Of course Indian democracy is questionable

A good thing that has happened due to the recent A Roy fiasco is that people are actively talking about the Indian democracy and how valid it is.  Is India really a democracy?  I think it is a trick question considering that the country has been ruled by a particular family for the past 50 and more years.  So to that extent I really agree to what Roy says that Indian democracy is a myth and actually there is no democracy. We prefer to live in a hallucination conveniently driving ourselves into believing that every five years elections are held and a new government is elected through a democratic process. It doesn’t matter how the government performs and it doesn’t matter how our politicians leave no stone unturned in order to keep a majority of the population backward and illiterate, we keep electing them to power election after election.

We all know what sort of elections are held in the country and especially in the villages and small towns (I guestimate that 80% of our population lives in villages and small towns). So one thing should be clear to us that it is not a democracy in a true sense.  Just today I read on Google news that the son of an SP MLA’s opened fire in a showroom, killing one person.  These incidents are commonplace in our cities, towns and villages because once these people come to power (in fact they don’t even have to come to power if they are local  goons protected by local politicians) they enjoy unparalleled impunity.  Of course such things can happen in any democracy.  But the tragedy in India is that these people get elected again and again by the so-called "mandate".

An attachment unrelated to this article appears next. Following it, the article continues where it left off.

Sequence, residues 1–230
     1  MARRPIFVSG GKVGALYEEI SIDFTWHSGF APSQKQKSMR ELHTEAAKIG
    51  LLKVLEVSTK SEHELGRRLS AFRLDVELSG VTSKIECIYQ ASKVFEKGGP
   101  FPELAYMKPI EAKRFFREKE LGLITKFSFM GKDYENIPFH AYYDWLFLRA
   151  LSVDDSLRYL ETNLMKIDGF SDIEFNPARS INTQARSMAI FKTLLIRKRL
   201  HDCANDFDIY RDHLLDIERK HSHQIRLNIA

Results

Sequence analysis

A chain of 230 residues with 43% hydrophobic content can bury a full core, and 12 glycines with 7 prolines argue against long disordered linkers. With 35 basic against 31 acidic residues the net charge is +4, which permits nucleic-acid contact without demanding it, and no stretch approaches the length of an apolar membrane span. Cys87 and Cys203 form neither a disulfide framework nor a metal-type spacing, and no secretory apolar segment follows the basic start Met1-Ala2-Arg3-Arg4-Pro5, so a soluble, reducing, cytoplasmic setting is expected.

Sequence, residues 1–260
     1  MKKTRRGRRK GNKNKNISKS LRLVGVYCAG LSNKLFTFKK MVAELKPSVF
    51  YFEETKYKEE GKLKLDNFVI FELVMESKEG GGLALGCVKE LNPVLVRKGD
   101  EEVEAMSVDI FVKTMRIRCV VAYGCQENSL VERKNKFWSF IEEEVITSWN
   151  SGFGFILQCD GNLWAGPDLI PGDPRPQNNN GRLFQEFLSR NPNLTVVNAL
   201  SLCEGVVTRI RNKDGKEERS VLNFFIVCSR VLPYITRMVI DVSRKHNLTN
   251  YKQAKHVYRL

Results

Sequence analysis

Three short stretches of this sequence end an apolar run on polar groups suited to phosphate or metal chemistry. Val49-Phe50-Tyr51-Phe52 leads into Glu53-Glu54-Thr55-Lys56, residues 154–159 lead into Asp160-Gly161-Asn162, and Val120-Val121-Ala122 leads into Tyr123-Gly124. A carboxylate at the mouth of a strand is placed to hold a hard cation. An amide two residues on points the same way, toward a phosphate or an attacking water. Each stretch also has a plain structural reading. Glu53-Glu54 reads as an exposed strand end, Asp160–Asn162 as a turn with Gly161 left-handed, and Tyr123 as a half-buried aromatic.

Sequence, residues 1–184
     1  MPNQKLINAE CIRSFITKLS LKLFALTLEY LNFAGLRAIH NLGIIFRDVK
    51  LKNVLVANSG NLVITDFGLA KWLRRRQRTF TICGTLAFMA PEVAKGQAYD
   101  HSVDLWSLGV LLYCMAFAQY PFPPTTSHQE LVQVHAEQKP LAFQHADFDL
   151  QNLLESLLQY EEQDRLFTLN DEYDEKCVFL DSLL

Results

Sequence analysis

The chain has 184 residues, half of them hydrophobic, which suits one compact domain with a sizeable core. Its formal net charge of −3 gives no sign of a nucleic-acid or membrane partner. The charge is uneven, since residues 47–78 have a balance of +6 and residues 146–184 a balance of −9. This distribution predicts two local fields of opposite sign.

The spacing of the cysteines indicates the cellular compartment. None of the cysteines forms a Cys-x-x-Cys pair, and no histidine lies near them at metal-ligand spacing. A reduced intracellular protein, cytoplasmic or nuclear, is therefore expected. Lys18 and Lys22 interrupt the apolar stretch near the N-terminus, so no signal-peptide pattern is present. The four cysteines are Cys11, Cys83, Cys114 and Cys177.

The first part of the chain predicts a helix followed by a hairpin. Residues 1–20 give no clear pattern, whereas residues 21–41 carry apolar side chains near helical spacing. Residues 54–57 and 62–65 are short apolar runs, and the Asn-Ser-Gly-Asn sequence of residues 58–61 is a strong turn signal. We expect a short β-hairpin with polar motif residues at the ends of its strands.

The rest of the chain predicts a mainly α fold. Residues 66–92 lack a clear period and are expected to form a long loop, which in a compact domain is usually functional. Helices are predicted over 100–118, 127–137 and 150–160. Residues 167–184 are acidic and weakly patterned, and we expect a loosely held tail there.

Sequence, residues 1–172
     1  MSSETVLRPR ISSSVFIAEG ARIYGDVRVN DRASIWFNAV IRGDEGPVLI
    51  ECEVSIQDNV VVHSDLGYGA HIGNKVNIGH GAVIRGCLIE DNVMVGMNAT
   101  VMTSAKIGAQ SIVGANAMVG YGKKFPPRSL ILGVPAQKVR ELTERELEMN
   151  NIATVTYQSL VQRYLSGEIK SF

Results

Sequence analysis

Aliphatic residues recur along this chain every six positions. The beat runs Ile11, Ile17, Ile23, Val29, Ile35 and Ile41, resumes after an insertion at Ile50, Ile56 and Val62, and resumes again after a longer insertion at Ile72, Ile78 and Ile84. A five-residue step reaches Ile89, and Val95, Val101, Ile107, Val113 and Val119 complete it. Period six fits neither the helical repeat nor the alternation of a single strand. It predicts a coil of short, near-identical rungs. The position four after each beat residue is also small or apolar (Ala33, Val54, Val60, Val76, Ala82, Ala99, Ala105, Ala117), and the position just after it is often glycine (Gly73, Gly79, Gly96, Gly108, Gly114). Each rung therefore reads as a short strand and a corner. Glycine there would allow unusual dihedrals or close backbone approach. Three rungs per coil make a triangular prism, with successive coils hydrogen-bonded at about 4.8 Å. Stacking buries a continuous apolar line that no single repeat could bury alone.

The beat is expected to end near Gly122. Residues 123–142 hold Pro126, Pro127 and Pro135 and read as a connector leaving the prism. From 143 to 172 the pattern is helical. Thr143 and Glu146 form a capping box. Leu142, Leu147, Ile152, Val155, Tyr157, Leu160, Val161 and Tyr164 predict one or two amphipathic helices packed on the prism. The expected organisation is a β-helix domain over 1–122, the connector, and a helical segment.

Nonetheless, it is not even like a banana republic as people like A Roy often accuse it to be. It is a pseudo-democracy, sometimes it seems like a pretense of a democracy, but it is far better than many other countries ruled by  despotic leaders, tribal warlords, communists and dictators. We can say whatever we want to say (at least those who have a voice and the medium). We can openly question and accuse the government and get away with that (although it cannot happen in villages and smaller cities and towns).  People are not executed at one pretense or another.  Of course thousands of tortures and unlawful killings take place in the name of law and order and people responsible for this must be severely punished, no matter what religious or political views they subscribe to.

All in all, despite appalling corruption, disheartening hunger and daunting backwardness, there are ample traces of democracy in our country and we should be thankful for them, and we should protect them at all costs.

Democracy, we have learned, is not an event.  It is not something that just happens.  It gradually takes shape, it gradually grows like a tree.  Sometimes when a tree is growing it doesn’t get sufficient nourishment, it has to face severe storms sometimes and risk uprooting, termites attack sometimes, and sometimes pestilent vines try to suck life out of it. Despite all these odds the tree grows until it is massive and strong.  The same goes for democracy.  Instead of constantly berating it we should strive towards strengthening it.

One thought on “Of course Indian democracy is questionable

  1. Mai Harinder Kaur

    It is the nature of government to be corrupt. Finding an uncorrupt government is about as likely as finding a mouldy Twinkie. Democracy doesn’t change this truth one whit. It only gives us some control over the exact type of corruption that will govern us. (Or perhaps it gives us the illusion of some control.)

    As you know, I am a Canadian currently residing in the USA. This is as true about Canada and the USA as it is about India. We will all just continue to muddle through doing the best we know how.

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